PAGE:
Civilians in front of the big mall damaged by bombings in Gaza, Rafah. © ICRC

Milestone declaration brings hope that the immense suffering of civilians is no longer accepted as an inevitable by-product of warfare

Statement of ICRC President Mirjana Spoljaric on the Political Declaration on Strengthening the Protection of Civilians from the Humanitarian Consequences Arising from the Use of Explosive Weapons in Populated Areas. Dublin, 18 November 2022.
Statement 18 November 2022 Ireland

Ladies and Gentlemen,

Dear colleagues,

It gives me great pleasure to join you here today to mark the adoption of a milestone declaration which emanates from our common goal to improve the protection of civilians from the use of explosive weapons in populated areas.

At the outset, I wish to thank Ireland for the exemplary leadership which brought us – despite the many challenges – to this successful outcome.

This Political Declaration is a collective achievement with the potential to change the fate of hundreds of thousands of persons affected by armed conflict around the world.

It is a major step towards strengthening the protection of civilians and respect for international humanitarian law where it matters the most.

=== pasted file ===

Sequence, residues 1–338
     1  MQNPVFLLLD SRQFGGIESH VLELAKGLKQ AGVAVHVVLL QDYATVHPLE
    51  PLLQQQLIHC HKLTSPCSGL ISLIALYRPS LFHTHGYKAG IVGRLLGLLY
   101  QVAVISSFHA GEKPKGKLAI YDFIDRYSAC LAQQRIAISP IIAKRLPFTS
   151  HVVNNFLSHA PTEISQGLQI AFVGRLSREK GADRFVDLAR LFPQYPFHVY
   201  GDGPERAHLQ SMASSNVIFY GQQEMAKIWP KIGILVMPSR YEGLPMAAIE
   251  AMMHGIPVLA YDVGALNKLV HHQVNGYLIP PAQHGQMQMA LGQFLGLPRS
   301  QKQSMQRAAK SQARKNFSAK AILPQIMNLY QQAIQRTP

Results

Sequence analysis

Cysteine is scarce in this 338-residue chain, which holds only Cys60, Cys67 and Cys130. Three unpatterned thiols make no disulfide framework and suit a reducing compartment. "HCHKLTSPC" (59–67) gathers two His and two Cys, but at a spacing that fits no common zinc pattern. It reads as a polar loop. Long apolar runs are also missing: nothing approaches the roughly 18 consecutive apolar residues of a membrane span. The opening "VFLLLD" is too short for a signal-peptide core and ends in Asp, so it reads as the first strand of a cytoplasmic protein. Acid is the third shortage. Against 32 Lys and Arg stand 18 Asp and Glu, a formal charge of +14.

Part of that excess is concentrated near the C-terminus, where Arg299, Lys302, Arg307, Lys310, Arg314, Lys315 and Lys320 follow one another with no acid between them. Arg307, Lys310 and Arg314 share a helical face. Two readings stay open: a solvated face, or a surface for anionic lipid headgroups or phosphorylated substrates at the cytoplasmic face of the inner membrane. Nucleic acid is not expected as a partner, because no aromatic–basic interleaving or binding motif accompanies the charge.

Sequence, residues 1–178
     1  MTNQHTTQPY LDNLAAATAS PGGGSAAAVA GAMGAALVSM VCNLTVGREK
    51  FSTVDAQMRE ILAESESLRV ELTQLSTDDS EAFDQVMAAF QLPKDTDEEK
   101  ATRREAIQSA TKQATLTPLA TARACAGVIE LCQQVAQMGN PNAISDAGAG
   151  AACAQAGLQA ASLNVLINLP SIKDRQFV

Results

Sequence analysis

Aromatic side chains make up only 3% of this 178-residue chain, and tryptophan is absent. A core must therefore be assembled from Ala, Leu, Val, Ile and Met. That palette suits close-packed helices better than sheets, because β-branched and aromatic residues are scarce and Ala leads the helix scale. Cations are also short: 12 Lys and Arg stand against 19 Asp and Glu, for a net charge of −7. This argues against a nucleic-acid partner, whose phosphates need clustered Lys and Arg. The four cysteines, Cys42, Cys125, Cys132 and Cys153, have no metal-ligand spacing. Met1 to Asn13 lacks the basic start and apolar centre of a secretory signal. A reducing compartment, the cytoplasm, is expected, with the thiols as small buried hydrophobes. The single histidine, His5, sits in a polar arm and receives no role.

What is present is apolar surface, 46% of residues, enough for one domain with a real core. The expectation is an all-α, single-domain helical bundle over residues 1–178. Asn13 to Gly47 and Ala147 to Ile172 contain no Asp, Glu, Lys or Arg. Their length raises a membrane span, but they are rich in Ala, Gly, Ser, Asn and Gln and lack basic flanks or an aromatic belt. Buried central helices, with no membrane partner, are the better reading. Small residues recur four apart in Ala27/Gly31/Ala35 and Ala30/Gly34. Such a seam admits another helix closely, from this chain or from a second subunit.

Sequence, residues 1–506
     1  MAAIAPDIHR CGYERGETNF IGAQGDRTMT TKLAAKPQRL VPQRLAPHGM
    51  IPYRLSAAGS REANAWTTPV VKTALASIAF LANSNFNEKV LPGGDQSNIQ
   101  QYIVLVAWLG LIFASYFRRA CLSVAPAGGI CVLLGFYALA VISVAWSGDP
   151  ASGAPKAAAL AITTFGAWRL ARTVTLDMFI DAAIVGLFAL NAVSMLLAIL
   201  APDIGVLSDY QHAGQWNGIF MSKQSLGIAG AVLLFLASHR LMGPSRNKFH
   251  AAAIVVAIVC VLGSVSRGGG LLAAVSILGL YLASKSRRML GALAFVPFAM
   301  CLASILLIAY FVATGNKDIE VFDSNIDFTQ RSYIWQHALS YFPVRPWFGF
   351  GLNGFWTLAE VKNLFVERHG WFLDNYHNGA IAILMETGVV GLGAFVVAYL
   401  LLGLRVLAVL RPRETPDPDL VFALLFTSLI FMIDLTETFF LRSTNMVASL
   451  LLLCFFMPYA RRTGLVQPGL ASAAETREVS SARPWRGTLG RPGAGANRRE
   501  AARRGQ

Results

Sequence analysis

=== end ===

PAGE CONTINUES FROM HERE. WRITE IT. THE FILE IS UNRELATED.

The use of heavy explosive weapons in populated areas is one of the major causes of civilian harm in today's armed conflicts.

When fighting takes place in cities, men, women, and children are exposed to unacceptably high risks.

Whether in the Middle East, in Africa, Asia, Latin America and now also again in Europe, we continue to witness the devastating pattern of suffering and destruction they cause.

Countless lives are shattered, countless victims disabled and traumatized because they happened to be in these weapons' large impact area.

Many more suffer, fall ill or even die when a bomb, missile or mortar damages critical infrastructure, cutting off vital services such as water, electricity, sanitation and health care.

Entire populations flee to escape bombing and shelling or because life in the ruins becomes unbearable. Many remain displaced for months or even years. Large regions are contaminated by unexploded ordnance long after hostilities have ended. Ultimately, whole generations are scarred, and development indexes are set back by decades.

When bombs fall in cities, pain multiplies. Lost lives. Lost limbs. Crumbled homes. Crushed dreams. That's why today's declaration is so important. It brings hope that the immense suffering of civilians will no longer be accepted as an inevitable by-product of warfare.

For the first time in an instrument of this kind, States acknowledge the gravity of the problem and commit to taking concrete actions to address it, including by restricting or refraining from the use of explosive weapons in populated areas, where such use may be expected to cause civilian harm.

The ICRC welcomes this and the other important commitments in the Declaration.